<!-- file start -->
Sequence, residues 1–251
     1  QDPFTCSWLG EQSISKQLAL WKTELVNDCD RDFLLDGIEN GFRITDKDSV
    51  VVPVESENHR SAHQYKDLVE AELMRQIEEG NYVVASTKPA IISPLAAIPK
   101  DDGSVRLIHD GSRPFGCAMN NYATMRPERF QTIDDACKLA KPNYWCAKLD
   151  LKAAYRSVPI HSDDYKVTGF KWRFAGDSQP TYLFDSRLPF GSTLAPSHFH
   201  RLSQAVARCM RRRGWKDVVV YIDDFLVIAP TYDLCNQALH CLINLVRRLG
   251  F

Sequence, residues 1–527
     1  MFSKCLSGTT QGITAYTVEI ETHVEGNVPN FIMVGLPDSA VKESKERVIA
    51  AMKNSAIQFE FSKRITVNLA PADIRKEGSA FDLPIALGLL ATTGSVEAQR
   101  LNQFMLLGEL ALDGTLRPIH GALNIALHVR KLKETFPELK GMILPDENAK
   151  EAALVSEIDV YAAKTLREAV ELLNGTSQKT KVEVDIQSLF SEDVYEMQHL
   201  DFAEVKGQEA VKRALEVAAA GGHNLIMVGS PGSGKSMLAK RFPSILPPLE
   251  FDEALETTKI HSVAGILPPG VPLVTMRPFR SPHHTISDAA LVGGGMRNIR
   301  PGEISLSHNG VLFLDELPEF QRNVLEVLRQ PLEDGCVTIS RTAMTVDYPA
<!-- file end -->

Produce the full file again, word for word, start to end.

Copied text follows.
Sequence, residues 1–251
     1  QDPFTCSWLG EQSISKQLAL WKTELVNDCD RDFLLDGIEN GFRITDKDSV
    51  VVPVESENHR SAHQYKDLVE AELMRQIEEG NYVVASTKPA IISPLAAIPK
   101  DDGSVRLIHD GSRPFGCAMN NYATMRPERF QTIDDACKLA KPNYWCAKLD
   151  LKAAYRSVPI HSDDYKVTGF KWRFAGDSQP TYLFDSRLPF GSTLAPSHFH
   201  RLSQAVARCM RRRGWKDVVV YIDDFLVIAP TYDLCNQALH CLINLVRRLG
   251  F

Sequence, residues 1–527
     1  MFSKCLSGTT QGITAYTVEI ETHVEGNVPN FIMVGLPDSA VKESKERVIA
    51  AMKNSAIQFE FSKRITVNLA PADIRKEGSA FDLPIALGLL ATTGSVEAQR
   101  LNQFMLLGEL ALDGTLRPIH GALNIALHVR KLKETFPELK GMILPDENAK
   151  EAALVSEIDV YAAKTLREAV ELLNGTSQKT KVEVDIQSLF SEDVYEMQHL
   201  DFAEVKGQEA VKRALEVAAA GGHNLIMVGS PGSGKSMLAK RFPSILPPLE
   251  FDEALETTKI HSVAGILPPG VPLVTMRPFR SPHHTISDAA LVGGGMRNIR
   301  PGEISLSHNG VLFLDELPEF QRNVLEVLRQ PLEDGCVTIS RTAMTVDYPA